Top Box Office (1-4-16)

Over the Christmas holidays I went to see Star Wars: The Force Awakens… twice.  It was really good and I will be going back to see it for the third time before its original theatrical run ends.

Force Awakens
It really is a good movie.  And it looks like it’s going to break box-office records. But is it one of the best movies ever made?
Nope, it isn’t even close.
That’s what wrong with the headlines proclaiming Avatar to be the the biggest movie of all time, and Titanic and Jurassic World part of the top 10. In fact, based on domestic box-office, here are the top 10 domestic movies of all time:
#1  Avatar (2009 $760 million)
#2  Star Wars: The Force Awakens (2015 $740 million thru 1-3-16)
#3  Titanic (1997 $658 million)
#4  Jurassic World (2015 $652 million)
#5  The Avengers (2012 $623 million)
#6  The Dark Knight (2008 $534 million)
#7 Star Wars: The Phantom Menace (1999 $474 million)
#8 Star Wars (1977 $460 million)
#9  Avengers: Age of Ultron (2015 $459 million)
#10 The Dark Knight Rises (2012 $448 million)
Those are the current top 10 based on ticket sales in the US, current as of 1-3-16.  The problem with this list is that it doesn’t reflect the number of tickets actually sold, it reflects on box-office dollars, not-adjusted for inflation.  The actual number one movie of all time is 1939’s Gone With The Wind. The reason it doesn’t rank at #1 on this list is because the price of a movie ticket in 1939 was about a quarter.  The current cost of a movie ticket (nation wide average) is about 8 bucks. So for Gone With The Wind to do the same amount of box office as The Force Awakens, it would have had to sell 32 tickets at 25 cents each to equal one ticket at today’s price of 8 bucks.  You see where I’m going with this… I believe all lists of the most popular movies should be adjusted for inflation. Here is the list of the top 10 movies of all time, adjusted for inflation. And I really believe it better reflects the actual popularity of movies:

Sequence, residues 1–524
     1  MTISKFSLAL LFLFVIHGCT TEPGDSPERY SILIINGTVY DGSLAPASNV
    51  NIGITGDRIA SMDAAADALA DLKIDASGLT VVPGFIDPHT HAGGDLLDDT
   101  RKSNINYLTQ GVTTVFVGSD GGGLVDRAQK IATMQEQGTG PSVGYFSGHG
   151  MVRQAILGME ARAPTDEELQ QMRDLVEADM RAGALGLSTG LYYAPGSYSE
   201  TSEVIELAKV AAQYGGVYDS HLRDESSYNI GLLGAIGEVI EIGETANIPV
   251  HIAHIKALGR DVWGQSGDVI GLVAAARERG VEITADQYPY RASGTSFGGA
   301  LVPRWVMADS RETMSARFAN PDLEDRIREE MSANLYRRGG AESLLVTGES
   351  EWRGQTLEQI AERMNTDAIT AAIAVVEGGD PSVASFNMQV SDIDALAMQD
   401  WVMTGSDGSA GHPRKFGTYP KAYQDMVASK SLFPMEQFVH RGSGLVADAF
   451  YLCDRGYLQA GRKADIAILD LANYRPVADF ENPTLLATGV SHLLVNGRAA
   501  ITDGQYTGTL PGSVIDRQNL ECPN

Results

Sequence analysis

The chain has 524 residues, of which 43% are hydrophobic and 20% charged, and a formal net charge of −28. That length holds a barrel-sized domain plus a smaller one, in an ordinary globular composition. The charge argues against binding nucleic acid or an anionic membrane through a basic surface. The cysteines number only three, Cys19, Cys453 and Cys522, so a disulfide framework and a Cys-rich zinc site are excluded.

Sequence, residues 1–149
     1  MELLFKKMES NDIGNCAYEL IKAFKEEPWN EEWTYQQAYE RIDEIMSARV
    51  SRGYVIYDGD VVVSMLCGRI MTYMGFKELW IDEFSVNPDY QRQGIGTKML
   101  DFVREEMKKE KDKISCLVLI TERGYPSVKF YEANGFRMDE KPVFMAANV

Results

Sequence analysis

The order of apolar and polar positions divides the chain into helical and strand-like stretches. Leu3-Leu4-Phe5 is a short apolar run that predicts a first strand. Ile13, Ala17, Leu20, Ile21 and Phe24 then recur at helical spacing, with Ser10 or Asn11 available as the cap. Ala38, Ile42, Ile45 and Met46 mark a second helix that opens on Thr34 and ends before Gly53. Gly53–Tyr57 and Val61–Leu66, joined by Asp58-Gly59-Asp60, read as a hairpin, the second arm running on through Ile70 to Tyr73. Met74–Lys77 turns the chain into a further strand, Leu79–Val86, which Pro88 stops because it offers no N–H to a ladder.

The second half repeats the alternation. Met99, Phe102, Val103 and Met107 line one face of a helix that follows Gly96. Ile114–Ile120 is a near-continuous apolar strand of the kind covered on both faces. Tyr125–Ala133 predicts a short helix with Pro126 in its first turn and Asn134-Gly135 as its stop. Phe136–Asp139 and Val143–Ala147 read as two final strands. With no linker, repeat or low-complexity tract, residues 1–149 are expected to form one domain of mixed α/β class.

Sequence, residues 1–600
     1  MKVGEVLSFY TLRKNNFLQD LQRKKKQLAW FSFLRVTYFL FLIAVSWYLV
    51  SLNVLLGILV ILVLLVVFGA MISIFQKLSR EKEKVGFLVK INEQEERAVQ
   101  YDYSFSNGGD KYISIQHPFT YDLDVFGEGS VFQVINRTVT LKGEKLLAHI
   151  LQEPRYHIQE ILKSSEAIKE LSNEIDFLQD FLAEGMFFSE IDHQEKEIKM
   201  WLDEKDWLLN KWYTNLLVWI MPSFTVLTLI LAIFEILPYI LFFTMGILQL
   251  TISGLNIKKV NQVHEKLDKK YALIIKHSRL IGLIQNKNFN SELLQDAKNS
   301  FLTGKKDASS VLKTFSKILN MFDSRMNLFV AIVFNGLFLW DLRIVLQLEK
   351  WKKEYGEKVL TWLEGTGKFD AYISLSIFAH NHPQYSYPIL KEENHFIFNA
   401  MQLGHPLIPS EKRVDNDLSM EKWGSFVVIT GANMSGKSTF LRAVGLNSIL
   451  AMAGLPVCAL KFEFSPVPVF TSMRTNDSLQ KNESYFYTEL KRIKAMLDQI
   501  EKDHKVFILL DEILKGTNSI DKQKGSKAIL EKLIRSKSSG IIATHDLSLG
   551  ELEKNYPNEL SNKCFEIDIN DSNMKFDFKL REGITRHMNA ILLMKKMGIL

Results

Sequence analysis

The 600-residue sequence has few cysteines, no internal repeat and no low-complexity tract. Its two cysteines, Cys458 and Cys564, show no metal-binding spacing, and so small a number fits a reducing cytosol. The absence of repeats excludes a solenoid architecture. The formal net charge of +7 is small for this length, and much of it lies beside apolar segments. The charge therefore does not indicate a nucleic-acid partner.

Gone With The Wind
#1  Gone With The Wind (1939 Adjusted domestic gross $1.7 billion)
#2  Star Wars (1977 Adjusted domestic gross $ 1.5 billion)
Sound of Music
#3  The Sound of Music (1965 Adjusted domestic gross $1.2 billion)
#4 ET: The Extra-Terrestrial (1982 Adjusted domestic gross $1.2 billion)
#5  Titanic (1997 Adjusted domestic gross $1.1 billion)
Ten Commandments
#6  The Ten Commandments (19566 Adjusted domestic gross $1.1 billion)
#7  Jaws (1975 Adjusted domestic gross $1.1 billion)
Doctor Zhivago
#8 Doctor Zhivago (1965 Adjusted domestic gross $1.0 billion)
The Exorcist
#9 The Exorcist ( 1975 Adjusted domestic gross $952 million)
Snow White
#10 Snow White Seven Dwarfs (1937 Adjusted domestic gross $938 million)

I’ve seen all of the movies on both lists, several of them multiple times. I saw almost all of them in theaters (the exceptions being The Exorcist, Dr. Zhivago and The Ten Commandments, which I saw on Blu Ray or regular DVD).  In spite of all of the hype surrounding The Force Awakens, it’s nothing compared to all of the hype surrounding Star Wars (1977) or the hype leading up to and including the release of  Gone With The Wind in 1939 (according to what I’ve read and seen in documentaries) .What about Titanic?
Sure, Titanic was a good movie but was it really one of the top 5 in history?
I believe the multitudes of 13 year old girls swooning over Leonardo DiCaprio were the ones snapping up all of those movie tickets. But that was still enough to put Titanic at #5 on the top 10 after adjusting for ticket price and inflation, which still makes it impressive.
The Sound of Music certainly got a lot of hype when it was released and it seems like the music was coming out of speakers everywhere in 1965.
I played in band in Jr. High and High School and I believe at some point I’ve played every single song from the soundtrack.
The movie that I am least familiar with is Dr Zhivago. I’ve seen it a couple of times and I was aware of it’s popularity when the novel was published, and the movie was good but it was a very long movie about Russians, and a love affair taking place in the years leading up to and including the Bolshevik October Revolution in 1919 and I wasn’t quite in the “history phase” of my life yet. Not sure how this managed to make this list but I was a 13 year old male when the movie was released and I wasn’t exactly their target demographic. Otherwise this list seems pretty accurate.
Back to Star Wars: The Force Awakens… This is certainly the best Star Wars film I’ve seen since the original in 1977. I know there are many Star Wars fans who rank The Empire Strikes Back as the best of the series, but I had issues with it (that’s another blog), so even if Force Awakens passes Star Wars (1977) on the list of biggest box office ever, it will never pass Star Wars (1977) in adjusted gross.
Every time I see one of theses lists I want to correct them, and remind everyone that Gone With The Wind is really the biggest box office draw in history, and Star Wars (1977) is a close second! They will probably never be challenged.


One thought on “Top Box Office (1-4-16)”

  1. Doctor Zhivago’s success is a combination of the popularity of the book, Julie Christie being every young man’s wet dream and the fact that it was David Lean’s follow up to the much critically lauded Lawrence of Arabia.

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